With so much at stake politically-speaking, given the Slow movement's all-encompassing approach to social change, it is important to highlight that while the movement's promotion of localization is often viewed as the antidote to corporate-led globalization, this is a troublesome dichotomy to make. Thus even the seemingly innocuous revival of farmers' markets -- which are closely associated with the Slow Food movement -- can...

... be read as a re-entrenchment of nostalgic and socio-politically conservative notions of place and identity. Their re-emergence during a period of 'millennial reflection' could be read as an element of nostalgia for a 'golden age' when food was supposedly more nutritious and life in general more wholesome. ... The valorization of the 'local,' ... may be less about the radical affirmation of an ethic of community or care, and more to do with the reproduction of a less positive parochialism or nationalism, a conservative celebration of the local as the supposed repository of specific values and meanings in much the same way as the countryside has itself become powerfully symbolic. (5)

Indeed, unfortunately the promotion of wholesome local food as the primary means of revitalizing the global wasteland caused by capitalism often goes hand-in-hand with the romanticization of poverty and simultaneous dismissal of class politics. Such practices therefore often result in an uncritical celebration of the harsh (but organic) lifestyles of some of the world's most impoverished citizens: further intensifying such misunderstandings, emphasis is rarely placed upon the undernourished metropolitan poor, but instead focuses relentlessly upon the culinary delights of the mythologized happy poor (or essentialized peasant). This fixation is accompanied by an abiding concern with rural or foreign settings, which, cruelly, makes the rarified organic-poor the perfect foyle for the romantic travel articles, a popular form of edu-tainment in the bourgeois press. (6) These harrowing "oversights" of the Slow Food movement, however, do help explain why the movement selected Vandana Shiva to serve as one of their three international vicepresidents, Shiva being known among critical writers as an active promoter of the "left" populist notion of "culturally-perceived" poverty, which as her critics correctly argue, "is not only elitist but also complicit with globalized capitalism and reactionary currents that are on the rise worldwide." (7)

Flowing on from such dangerously naive ideological premises, Slow Food movement guru, Vandana Shiva, apparently has no qualms about working in close alliance with right-wing paramilitaries (the Rashtriya Swayamsevak Sangh) or other assorted Hindu nationalists for that matter. Lending them her international prestige, while furnishing all manner of farmers' movements with "the much-needed agrarian myth" that is so compatible with conservative ruralism. As Meera Nanda concludes in her discussion of this issue: "The connecting thread [between the right and left] is the defence of the traditional way of life." In this manner it is eminently fitting that Shiva's fellow vice president at Slow Food is American foodie megastar Alice Waters, who resides with Shiva on the advisory board of the eco-primitivist International Society for Ecology and Culture. (8)

Alice Waters, like Shiva, is of course a suitable choice as an ambassador of the elitist Slow Food movement, Waters herself being best known for having established the internationally acclaimed Chez Panisse: a restaurant that she opened in Berkeley in 1971, which set itself the task of supplying fresh, local and seasonal organic ingredients to Waters's friends and fellow well-to-do diners. Then, as now, California was a hotbed of counter-cultural experimentation; but sitting alongside the San Francisco Bay Area's well-defined and long-standing New Age sensibilities is the fact that the area is considered to be the "playground of US capitalism." This unique and unholy amalgamation was thus able to provide the necessary capital and wealthy consumers to enable all manner of counter-cultural enterprises to flourish, albeit ones that tended to steer clear of disrupting capitalist growth priorities. Here a very pertinent case in point is provided by Myra and Drew Goodman, who started farming organically at Earthbound Farm in the 1970s, supplying their organic berries and lettuce to Bay Area restaurants like Chez Panisse. What of course is rarely mentioned is that the production of this sought-after organic produce "rel[ied] on the 'time-honoured' exploitation of racialized and marginalized immigrant workers..." (9) Having for the most part glossed over this none-too-savoury history, neither Myra Goodman, nor evidently her colleagues, see any contradiction in her being a board member of the Organic Center.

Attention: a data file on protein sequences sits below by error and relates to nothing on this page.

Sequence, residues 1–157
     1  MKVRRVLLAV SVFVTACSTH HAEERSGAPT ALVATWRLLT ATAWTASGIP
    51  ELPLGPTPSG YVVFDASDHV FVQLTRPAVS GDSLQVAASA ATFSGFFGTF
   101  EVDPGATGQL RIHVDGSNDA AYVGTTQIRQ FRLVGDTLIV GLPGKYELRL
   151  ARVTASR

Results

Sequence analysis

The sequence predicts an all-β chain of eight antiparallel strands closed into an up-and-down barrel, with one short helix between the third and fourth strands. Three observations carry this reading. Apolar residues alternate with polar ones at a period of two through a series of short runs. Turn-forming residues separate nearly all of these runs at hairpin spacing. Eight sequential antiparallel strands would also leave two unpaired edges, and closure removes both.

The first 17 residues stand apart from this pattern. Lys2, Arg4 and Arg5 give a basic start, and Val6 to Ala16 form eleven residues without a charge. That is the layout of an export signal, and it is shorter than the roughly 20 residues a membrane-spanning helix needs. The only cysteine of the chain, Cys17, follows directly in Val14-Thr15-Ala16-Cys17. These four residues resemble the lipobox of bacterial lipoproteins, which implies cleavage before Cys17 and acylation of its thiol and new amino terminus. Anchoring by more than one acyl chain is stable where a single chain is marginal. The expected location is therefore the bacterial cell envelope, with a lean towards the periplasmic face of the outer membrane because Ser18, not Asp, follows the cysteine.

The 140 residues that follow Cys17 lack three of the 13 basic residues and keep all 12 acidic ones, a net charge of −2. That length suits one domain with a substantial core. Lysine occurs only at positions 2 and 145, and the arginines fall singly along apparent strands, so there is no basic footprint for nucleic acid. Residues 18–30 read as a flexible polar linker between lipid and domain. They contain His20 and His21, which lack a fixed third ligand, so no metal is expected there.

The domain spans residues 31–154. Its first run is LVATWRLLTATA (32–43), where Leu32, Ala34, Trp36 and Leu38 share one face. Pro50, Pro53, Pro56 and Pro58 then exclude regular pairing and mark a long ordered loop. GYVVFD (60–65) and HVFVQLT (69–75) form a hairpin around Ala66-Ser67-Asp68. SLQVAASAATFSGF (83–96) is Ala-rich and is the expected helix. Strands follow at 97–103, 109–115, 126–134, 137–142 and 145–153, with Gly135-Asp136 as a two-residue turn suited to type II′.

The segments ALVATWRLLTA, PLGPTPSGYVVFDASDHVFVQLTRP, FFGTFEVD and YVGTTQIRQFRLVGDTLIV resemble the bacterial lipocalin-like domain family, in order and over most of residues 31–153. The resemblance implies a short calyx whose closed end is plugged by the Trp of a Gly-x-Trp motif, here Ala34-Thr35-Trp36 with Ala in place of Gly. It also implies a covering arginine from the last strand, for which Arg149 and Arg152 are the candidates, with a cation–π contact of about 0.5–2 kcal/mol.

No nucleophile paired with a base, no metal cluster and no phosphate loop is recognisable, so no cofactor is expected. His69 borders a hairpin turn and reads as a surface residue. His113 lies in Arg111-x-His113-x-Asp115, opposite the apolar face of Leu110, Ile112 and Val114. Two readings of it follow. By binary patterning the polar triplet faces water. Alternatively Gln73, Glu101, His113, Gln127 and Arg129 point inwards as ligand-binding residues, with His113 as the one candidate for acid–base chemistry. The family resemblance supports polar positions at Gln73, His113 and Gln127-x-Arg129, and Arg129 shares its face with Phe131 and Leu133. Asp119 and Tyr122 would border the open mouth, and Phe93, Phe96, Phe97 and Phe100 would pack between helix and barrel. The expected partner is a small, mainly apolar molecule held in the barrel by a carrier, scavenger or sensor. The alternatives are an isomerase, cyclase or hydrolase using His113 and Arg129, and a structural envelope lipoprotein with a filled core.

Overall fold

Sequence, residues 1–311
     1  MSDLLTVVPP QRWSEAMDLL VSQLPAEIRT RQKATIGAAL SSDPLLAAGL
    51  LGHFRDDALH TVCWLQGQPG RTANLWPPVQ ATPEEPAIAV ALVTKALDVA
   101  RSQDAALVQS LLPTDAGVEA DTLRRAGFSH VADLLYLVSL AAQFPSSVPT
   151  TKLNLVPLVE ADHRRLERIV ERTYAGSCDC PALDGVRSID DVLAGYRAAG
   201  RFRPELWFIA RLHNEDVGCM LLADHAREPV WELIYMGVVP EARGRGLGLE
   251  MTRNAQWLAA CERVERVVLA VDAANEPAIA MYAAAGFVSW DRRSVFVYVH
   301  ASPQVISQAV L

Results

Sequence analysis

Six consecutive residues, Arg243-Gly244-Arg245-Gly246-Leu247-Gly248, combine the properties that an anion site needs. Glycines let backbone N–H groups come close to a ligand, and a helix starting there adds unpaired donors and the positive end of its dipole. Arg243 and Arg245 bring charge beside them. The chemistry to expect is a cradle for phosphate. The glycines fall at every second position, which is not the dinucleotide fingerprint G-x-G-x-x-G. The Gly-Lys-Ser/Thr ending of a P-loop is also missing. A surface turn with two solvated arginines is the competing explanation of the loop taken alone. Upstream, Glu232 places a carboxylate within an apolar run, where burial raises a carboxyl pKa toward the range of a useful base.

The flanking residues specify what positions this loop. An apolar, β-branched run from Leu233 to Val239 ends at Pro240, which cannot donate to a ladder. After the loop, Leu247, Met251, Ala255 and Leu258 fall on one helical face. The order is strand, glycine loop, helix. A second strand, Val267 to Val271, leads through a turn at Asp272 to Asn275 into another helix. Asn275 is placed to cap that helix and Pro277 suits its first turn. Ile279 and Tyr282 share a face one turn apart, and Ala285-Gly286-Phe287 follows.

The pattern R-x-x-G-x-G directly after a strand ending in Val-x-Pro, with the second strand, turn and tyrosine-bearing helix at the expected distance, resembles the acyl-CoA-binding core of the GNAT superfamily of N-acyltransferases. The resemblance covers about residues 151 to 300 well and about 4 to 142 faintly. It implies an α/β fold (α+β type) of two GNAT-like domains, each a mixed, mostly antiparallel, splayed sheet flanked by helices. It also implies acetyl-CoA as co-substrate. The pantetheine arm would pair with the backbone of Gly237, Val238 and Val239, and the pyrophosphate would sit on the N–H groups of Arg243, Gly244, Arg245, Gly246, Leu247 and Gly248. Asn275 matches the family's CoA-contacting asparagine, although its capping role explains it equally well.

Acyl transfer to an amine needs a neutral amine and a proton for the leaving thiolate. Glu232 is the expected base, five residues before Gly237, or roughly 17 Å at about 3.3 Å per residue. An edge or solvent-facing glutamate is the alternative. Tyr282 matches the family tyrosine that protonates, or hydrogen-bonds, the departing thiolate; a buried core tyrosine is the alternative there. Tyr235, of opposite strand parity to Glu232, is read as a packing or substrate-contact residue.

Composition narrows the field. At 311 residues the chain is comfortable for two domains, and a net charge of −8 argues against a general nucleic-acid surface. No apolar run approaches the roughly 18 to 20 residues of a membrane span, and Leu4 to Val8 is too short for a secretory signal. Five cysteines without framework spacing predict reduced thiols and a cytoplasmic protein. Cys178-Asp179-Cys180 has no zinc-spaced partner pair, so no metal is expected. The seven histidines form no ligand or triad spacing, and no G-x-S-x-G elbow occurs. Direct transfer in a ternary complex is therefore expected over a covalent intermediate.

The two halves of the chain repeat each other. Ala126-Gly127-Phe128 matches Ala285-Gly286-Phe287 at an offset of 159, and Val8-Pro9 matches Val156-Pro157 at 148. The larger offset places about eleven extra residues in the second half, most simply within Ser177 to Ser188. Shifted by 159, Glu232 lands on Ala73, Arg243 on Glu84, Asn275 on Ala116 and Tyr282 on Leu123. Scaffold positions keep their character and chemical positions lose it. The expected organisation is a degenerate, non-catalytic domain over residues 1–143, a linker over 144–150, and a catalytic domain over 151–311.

Last but not least a strong macrobiotic connection to the Slow Food movement comes through macrobiotic pioneer Craig Sams, who is the current chairman of Slow Food UK. Here Sams is supported on the British movement's board of directors by the former chair of the mystically-inclined Soil Association, Clare Marriage, and a former Safeway supermarket board member, Prue Leith -- who is currently the food columnist for the right-wing newspaper The Daily Mail. Unfortunately such elite connections are all too common for the leading representatives of the Slow Food movement, as one could point to the fact that the former Malian Minister of Culture, Aminata Traoré, acts as key scientific advisor for the Slow Food Foundation for Biodiversity, as does Vandana Shiva; while both Traoré and Shiva serve on the scientific committee of a none-too-progressive Spanish think-tank called IDEAS Foundation for Progress -- which was founded in 2008 by the neoliberal Spanish Socialist Workers Party (PSOE).